A copy of the resolution's text obtained by The Hill does not specifically cite Omar's latest comments.
It does state that "accusations of dual loyalty generally have an insidious, bigoted history," and declares that the House "acknowledges the dangerous consequences of perpetuating anti-Semitic stereotypes" and "rejects anti-Semitism as hateful expressions of intolerance that are contradictory to the values that define the people of the United States."
The resolution further notes that the history of dual loyalty accusations includes the internment of Japanese-Americans in World War II and "the post-9/11 conditions faced by Muslim-Americans in the United States, including unfounded, vicious attacks on and threats to Muslim-American members of Congress."
It won't be the first time the House has voted in recent weeks to condemn anti-Semitism in response to comments made by Omar about Israel. Omar last month apologized after suggesting that U.S. lawmakers defending Israel were motivated by money, writing on Twitter that "it's all about the Benjamins baby."
Omar's latest remarks at the bookstore event last week came while arguing that critics calling her anti-Semitic were trying to silence debate in bad faith.
"I want to talk about the political influence in this country that says it is OK for people to push for allegiance to a foreign country," Omar said.
Omar doubled down on her comments over the weekend, despite criticism from Engel and House Appropriations Committee Chairwoman Nita Lowey (D-N.Y.), both of whom are Jewish.
"I should not be expected to have allegiance/pledge support to a foreign country in order to serve my country in Congress or serve on committee," Omar tweeted.
"I am told everyday that I am anti-American if I am not pro-Israel. I find that to be problematic and I am not alone. I just happen to be willing to speak up on it and open myself to attacks."
The Anti-Defamation League had called on House Democratic leaders to formally condemn comments from freshman Rep. Ilhan Omar (D-Minn.) suggesting that pro-Israel groups push "allegiance to a foreign country."
The group's CEO and national director, Jonathan Greenblatt, urged Pelosi in a letter to consider a House resolution to reject Omar's latest remark, which he said echoed an anti-Semitic slur accusing Jews of allegiance to a foreign government.
"That is why that, in light of these additional anti-Semitic statements by Rep. Omar, we ask that you give the entire Congress an opportunity, through a House resolution, to voice its rejection of her latest slur and make clear that no matter what may divide the 435 members of the House of Representatives, they are united in condemning anti-Semitism. We urge you and your colleagues to send the unambiguous message that the United States Congress is no place for hate," Greenblatt wrote.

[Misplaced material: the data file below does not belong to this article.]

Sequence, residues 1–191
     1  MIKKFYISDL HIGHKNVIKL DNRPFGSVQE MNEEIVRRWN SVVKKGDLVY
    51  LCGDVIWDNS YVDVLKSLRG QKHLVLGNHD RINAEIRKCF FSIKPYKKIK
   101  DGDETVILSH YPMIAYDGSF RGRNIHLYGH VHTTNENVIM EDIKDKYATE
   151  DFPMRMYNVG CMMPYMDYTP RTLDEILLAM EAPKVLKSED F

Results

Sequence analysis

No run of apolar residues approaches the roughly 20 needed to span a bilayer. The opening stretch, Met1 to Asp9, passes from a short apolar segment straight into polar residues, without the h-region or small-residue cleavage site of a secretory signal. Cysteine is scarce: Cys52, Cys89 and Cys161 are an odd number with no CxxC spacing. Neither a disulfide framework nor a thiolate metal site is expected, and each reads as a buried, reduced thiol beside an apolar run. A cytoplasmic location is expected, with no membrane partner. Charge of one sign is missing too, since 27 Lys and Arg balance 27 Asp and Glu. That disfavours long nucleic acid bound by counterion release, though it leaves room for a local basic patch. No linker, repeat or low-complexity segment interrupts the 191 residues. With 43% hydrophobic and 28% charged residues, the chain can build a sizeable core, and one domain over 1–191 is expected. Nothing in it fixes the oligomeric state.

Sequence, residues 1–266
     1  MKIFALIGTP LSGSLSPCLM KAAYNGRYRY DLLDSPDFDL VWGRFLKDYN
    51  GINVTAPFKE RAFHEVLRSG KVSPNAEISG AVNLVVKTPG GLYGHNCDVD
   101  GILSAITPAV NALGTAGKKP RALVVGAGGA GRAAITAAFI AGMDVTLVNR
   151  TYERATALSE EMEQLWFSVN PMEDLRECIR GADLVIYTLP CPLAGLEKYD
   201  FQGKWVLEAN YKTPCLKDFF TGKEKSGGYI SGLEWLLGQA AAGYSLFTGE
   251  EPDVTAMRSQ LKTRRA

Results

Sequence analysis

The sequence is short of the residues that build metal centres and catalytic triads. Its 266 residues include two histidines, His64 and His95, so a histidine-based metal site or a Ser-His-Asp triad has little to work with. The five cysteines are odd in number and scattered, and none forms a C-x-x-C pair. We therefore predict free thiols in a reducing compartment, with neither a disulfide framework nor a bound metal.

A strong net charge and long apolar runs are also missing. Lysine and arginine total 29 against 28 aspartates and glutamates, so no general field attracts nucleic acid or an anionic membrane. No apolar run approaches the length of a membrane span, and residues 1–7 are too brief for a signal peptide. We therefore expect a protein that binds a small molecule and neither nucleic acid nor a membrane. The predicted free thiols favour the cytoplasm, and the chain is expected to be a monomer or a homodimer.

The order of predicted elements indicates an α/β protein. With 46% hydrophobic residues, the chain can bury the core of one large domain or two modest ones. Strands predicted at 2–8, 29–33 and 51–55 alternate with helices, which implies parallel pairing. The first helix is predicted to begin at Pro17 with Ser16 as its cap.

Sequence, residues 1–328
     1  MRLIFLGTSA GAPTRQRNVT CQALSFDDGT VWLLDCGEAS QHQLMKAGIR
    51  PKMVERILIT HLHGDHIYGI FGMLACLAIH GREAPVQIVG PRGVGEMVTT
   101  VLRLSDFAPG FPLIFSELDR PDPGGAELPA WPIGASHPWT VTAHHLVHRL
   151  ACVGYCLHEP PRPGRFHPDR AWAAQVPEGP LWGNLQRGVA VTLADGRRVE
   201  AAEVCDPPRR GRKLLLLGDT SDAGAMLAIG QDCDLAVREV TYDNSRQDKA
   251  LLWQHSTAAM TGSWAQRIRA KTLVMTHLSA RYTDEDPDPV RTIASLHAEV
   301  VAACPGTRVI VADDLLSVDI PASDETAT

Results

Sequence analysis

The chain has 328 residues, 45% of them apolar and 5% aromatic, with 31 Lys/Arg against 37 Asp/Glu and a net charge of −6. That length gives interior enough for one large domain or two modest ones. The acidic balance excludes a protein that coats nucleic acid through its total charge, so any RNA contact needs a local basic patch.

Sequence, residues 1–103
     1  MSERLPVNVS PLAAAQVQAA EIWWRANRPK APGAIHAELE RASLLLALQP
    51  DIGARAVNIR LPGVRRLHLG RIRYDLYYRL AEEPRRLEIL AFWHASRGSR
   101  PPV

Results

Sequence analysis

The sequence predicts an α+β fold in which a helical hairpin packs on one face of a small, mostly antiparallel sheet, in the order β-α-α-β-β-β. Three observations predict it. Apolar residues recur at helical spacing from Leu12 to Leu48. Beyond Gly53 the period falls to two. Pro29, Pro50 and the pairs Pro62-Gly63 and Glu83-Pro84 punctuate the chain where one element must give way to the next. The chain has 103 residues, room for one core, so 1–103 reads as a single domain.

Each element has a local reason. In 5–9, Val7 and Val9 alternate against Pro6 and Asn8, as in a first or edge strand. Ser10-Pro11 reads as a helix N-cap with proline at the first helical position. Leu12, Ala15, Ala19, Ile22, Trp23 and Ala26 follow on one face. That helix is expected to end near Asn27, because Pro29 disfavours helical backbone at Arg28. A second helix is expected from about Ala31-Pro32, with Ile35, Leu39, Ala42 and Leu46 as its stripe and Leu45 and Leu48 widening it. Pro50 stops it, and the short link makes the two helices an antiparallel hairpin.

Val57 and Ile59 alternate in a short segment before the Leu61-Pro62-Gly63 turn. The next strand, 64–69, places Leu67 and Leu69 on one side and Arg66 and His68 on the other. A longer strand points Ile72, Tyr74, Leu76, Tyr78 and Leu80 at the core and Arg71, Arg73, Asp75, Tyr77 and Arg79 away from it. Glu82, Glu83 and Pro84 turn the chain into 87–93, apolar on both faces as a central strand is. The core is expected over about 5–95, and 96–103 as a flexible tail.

Greenblatt, in his letter to Pelosi, acknowledged that the controversy came as a poster on display at the West Virginia statehouse comparing Omar to the terrorists in the Sept. 11 attacks caused a fight to break out in West Virginia.
"Linking Omar (and by extrapolation other Muslim-Americans) to the 9/11 attacks is unconscionable, and an extremely dangerous incitement to violence. However, that offense cannot excuse or rationalize anti-Semitism. If anything, it should remind someone how hurtful such hateful stereotypes can be," Greenblatt wrote.
Engel had issued a statement late Friday accusing Omar, who serves on his committee, of invoking a "vile anti-Semitic slur" and called on her to apologize.
"Her comments were outrageous and deeply hurtful, and I ask that she retract them, apologize, and commit to making her case on policy issues without resorting to attacks that have no place in the Foreign Affairs Committee or the House of Representatives," Engel said in the statement.
Lowey also called for Omar to apologize.
"I am saddened that Rep. Omar continues to mischaracterize support for Israel. I urge her to retract this statement and engage in further dialogue with the Jewish community on why these comments are so hurtful," Lowey tweeted.